Tu Maia Kura to Career first meeting

Kura to Career pilot aims to lift achievement for 200 Māori learners

Kura to Career pilot aims to lift achievement for 200 Māori learners

Last updated 1 March 2017
Last updated 1 March 2017

We have contracted Waikato Tainui and Ngāi Tahu to deliver a two-year pilot to help 200 Māori secondary school students in their regions develop better career pathways.

The Kura to Career pilot is a major initiative of our Tū Māia Strategy which aims to lift achievement of Māori learners.

”Waikato Tainui are invested in working collaboratively with the TEC to support our students to participate in a culturally rich and pathway-relevant mentoring programme,” says Raewyn Mahara, Waikato Tainui Education Lead.

“In the mentoring programme we will focus on tribal connectedness, whānau participation and providing relevant information about current and future career pathways.”

How the pilot will work

Dedicated teams from the two Iwi will invite schools in their regions (the Waikato and South Island respectively) to take part and recommend students who they think could benefit. The pilot requires the cohort to include students from each secondary level, Years 9 to 13.

The teams will start by gathering a range of information about each student including their literacy and numeracy skill level, and cultural and social assessments. They will then compare these assessments with the student’s subject choices and career goals and see where there is a missmatch.

“Some students won’t know what they want to do and so when the teams meet with them it will effectively be an in-depth tailored career counselling session. Other students will know what they want to study, but they might be taking the wrong subjects or setting their sights too low for their abilities,” says Aroha Puketapu, our Team Leader Māori Achievement.

What it hopes to achieve

Aroha says the pilot aims to identify the factors that keep learners enrolled at school because our research shows that the longer they stay, the more likely they are to go on to tertiary study. It also wants to identify the success factors and what influences study and career choice.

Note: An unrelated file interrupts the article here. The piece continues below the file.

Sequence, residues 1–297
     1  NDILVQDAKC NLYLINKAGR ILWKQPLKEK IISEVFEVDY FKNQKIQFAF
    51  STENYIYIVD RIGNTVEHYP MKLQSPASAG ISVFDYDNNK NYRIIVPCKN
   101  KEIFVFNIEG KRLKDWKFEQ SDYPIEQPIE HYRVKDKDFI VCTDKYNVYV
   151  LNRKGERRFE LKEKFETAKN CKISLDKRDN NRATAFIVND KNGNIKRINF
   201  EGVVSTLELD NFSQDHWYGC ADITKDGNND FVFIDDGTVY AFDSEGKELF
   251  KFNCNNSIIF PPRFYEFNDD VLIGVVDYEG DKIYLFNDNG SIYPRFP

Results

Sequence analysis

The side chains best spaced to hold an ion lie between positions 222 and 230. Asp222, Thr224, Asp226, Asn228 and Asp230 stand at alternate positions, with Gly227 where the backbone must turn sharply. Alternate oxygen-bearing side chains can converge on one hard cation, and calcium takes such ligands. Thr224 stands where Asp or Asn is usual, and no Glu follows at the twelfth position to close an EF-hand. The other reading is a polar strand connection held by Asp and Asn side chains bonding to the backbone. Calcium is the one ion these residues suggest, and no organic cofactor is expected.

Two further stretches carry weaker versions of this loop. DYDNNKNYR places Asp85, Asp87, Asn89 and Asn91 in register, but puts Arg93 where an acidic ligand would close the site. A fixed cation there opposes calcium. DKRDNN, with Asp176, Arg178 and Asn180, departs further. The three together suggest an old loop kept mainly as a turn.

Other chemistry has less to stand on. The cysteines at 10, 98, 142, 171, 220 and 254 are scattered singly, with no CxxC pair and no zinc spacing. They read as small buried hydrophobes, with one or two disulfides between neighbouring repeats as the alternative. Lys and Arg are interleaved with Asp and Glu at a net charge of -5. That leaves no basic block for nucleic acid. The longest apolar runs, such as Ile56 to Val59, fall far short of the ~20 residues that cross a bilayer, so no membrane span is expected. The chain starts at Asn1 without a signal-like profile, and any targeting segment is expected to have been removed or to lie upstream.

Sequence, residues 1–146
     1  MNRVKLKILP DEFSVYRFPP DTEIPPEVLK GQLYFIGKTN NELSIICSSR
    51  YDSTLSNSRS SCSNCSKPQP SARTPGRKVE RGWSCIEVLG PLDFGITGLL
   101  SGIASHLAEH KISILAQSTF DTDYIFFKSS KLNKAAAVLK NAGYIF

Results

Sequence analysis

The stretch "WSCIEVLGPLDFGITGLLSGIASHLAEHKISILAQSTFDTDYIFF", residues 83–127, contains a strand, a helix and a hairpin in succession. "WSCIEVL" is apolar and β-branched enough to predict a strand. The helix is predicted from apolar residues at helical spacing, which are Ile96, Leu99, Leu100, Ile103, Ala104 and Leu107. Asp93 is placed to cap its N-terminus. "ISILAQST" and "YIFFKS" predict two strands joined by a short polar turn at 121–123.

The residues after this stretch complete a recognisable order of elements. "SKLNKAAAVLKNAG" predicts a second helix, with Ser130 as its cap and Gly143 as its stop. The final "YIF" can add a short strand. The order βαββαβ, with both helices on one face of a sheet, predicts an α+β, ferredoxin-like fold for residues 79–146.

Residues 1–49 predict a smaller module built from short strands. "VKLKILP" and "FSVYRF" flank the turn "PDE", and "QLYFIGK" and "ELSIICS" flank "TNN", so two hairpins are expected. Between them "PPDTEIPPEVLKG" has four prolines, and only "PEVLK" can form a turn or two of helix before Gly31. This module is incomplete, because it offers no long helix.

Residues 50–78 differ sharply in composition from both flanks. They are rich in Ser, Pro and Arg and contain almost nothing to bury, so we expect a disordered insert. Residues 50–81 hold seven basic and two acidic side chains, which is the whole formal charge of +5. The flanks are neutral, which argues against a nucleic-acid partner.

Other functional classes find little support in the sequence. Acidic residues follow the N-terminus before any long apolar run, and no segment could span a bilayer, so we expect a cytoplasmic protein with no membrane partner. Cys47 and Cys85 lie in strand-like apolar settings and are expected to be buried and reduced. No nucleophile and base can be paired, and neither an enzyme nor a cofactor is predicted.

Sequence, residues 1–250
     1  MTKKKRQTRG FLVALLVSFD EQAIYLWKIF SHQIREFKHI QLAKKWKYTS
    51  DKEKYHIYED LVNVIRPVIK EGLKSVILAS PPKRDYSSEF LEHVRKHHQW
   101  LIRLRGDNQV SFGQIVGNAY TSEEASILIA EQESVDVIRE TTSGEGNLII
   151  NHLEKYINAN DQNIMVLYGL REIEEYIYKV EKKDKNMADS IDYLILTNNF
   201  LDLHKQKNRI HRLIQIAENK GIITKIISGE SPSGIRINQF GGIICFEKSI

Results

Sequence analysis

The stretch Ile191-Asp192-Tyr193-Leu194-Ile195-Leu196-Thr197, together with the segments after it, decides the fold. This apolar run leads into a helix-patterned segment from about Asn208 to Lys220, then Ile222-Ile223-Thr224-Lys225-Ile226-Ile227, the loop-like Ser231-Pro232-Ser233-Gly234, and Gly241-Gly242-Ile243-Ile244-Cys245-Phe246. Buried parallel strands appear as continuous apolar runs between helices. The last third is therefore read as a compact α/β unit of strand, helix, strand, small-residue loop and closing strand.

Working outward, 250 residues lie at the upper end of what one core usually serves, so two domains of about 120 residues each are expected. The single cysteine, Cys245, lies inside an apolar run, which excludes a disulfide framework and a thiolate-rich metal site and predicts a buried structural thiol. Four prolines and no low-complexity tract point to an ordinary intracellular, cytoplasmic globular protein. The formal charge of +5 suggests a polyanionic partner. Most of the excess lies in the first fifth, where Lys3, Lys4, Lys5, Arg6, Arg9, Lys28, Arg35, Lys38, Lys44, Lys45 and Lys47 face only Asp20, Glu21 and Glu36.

“It’s about giving these students self-efficacy while at the same time trying to curb the drop-out rate and ensure that if a student achieves NCEA level 2 or 3 they don’t then go and enrol in a foundation-level course,” says Aroha.

“We call this under-matching and it’s a major concern for us. For example, of the 9,415 Māori school leavers in 2013 who transitioned to tertiary, 2,980 had achieved NCEA level 3. However, a large number of these (860) enrolled in a level 1 to 3 tertiary course – not even an under-graduate degree.”

Waikato Tainui and Ngāi Tahu will also be contacting tertiary education organisations in their regions to ask them how they could support the pilot.

We will start evaluating the pilot in six months and complete a final evaluation after the pilot ends in October 2018.

Aroha says that if the pilot is successful, the intention would be to scale it up across the country.

Kura to Career meeting between TEC and two iwi

Front page image: The first meeting of the Kura to Career pilot was held last week to discuss deliverables on the contract, share resources and experiences, and talk about what’s working.

From left: Aroha Puketapu, TEC Team Leader Māori Achievement; Julian Taite, TEC Senior Advisor Maori; Eruera Tarena, Kaihautu, Chief Executive,  Te Tapuae o Rehua for Ngai Tahu Education; Kym Hamilton, Manager, Te Tapuae o Rehua; Ariana Paul, Kura To Career Project Kaimanaaki, Waikato Raupatu Lands Trust; and Raewyn Mahara, Waikato Tainui Education Lead, Waikato Raupatu Lands Trust.